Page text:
Hydrogen fuel cell electric transportation

Fuel cell technology first captured the international spotlight during the oil shocks in the 1970s. In 2014, Toyota offered the world’s first consumer fuel cell vehicles, sold in British Columbia and Quebec where hydrogen fuelling stations are available.

Hydrogen fuel cells are already commercially available for some personal light-duty vehicles, forklifts and buses. Hydrogen fuel cells can also be used for trucks for the mining industry or Class 8 commercial trucks, and are currently at the prototype and demonstration phase.

While there are several options to decarbonize the transportation sector, hydrogen is considered a viable option globally in transportation sectors that require long ranges, shorter refuelling, and ability to support heavy weights, such as the trucking industry.

Hydrogen fuel cells are being deployed for trucks, buses and light-duty vehicles in Alberta. The Alberta Zero Emissions Truck Electrification Collaboration (AZETEC) is a $18 million project, partially funded with approximately $7.3 million from Emissions Reduction Alberta, where 2 long range (700 km) fuel cell electric trucks will operate between Edmonton and Calgary beginning in 2023.

The Alberta Zero Emission Hydrogen Transit (AZEHT) project has two hydrogen fuel cell electric buses used in road trials shared by the municipalities of Edmonton and Strathcona County.

In addition, Edmonton International Airport announced a partnership with Toyota Canada that will soon put 100 Toyota Mirai hydrogen fuel cell electric vehicles on Alberta's roads for airport transportation services. The Edmonton International Airport is currently partnering with Air Products to secure a cost-effective supply of locally produced clean hydrogen for the hydrogen vehicles by constructing a temporary mobile hydrogen fuelling station at the airport.

CP Rail is testing the first hydrogen-powered engine to move cargo in the Calgary-area and expects to operate all 3 of the hydrogen and battery-powered locomotives by the end of the year. The company also operates hydrogen production and fuelling facilities in Calgary and Edmonton.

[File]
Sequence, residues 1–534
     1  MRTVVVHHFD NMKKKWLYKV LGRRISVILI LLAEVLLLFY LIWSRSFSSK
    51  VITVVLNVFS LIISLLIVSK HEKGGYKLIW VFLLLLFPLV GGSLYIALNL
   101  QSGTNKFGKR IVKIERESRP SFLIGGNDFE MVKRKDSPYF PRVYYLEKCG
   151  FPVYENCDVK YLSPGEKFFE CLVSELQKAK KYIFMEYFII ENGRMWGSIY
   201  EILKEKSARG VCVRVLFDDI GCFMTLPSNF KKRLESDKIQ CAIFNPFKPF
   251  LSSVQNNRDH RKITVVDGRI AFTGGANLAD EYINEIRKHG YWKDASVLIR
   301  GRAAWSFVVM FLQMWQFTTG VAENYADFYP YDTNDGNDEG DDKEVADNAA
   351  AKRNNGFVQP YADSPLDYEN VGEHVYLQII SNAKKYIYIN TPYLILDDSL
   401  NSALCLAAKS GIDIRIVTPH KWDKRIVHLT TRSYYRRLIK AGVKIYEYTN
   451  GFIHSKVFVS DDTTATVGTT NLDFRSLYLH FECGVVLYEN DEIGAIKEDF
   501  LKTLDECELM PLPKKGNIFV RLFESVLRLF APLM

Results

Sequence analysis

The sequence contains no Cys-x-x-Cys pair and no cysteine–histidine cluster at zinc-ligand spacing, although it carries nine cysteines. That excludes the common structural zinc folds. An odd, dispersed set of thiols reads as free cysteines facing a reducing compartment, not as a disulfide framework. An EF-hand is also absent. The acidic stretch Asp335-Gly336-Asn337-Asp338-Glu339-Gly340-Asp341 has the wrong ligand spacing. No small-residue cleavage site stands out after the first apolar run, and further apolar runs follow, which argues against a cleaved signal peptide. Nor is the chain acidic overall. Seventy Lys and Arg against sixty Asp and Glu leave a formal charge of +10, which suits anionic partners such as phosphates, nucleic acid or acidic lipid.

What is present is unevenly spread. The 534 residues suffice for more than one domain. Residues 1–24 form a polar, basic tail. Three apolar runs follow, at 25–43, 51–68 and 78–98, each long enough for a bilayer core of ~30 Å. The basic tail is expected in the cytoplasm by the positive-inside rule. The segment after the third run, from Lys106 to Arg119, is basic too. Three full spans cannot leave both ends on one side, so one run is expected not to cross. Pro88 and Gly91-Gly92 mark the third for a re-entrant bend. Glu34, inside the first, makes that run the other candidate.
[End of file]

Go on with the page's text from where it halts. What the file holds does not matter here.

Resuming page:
Dual fuel vehicles

Hydrogen can also be blended with diesel and used in an internal combustion engine, if the engine is retrofitted.

Dual fuel vehicles could be an important bridge technology to help with eventual wider adoption of pure hydrogen fuel cell vehicles. Dual fuel vehicles have a lower cost than fuel cell vehicles and have the additional flexibility to operate with or without a hydrogen supply.

British Columbia’s Hydra Energy, and the United Kingdom’s Ulemco are currently working on retrofitting existing diesel engines so hydrogen can be used in the engines along with diesel fuel.

Research on dual fuel engines is also ongoing at the University of Alberta. The post-secondary institution has partnered with the Transition Accelerator and an original equipment manufacturer to integrate hydrogen injection technology into the software of an engine’s electronic control unit. The project is called the Blue Hydrogen-Diesel Dual Fuel Engine Technology Development.

Clean hydrogen export

Canada ranks in the top 10 of global hydrogen producers. International demand for clean hydrogen is growing in the Asia Pacific, European and North American markets. Alberta is in a very strong position to support this emerging global hydrogen demand and exporting hydrogen could have a major role in the province’s future energy competitiveness.

A cost competitive opportunity for Alberta is to export hydrogen in the form of ammonia. Major Japanese power utilities are interested in burning clean ammonia in gas turbines or co-burning with coal to reduce greenhouse gases emissions for power generation. Moving hydrogen in the form of ammonia could improve export cost competitiveness, especially if end-use sectors can use ammonia directly in their applications. Other hydrogen carriers, such as methanol or liquid organic hydrogen carriers, will also be explored as export opportunities.


Connect with the Natural Gas Strategy and Engagement Branch:

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Email: [email protected]

Mailing Address:
Alberta Energy and Minerals
Natural Gas Strategy and Engagement Branch
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Edmonton, Alberta  T5K 2G6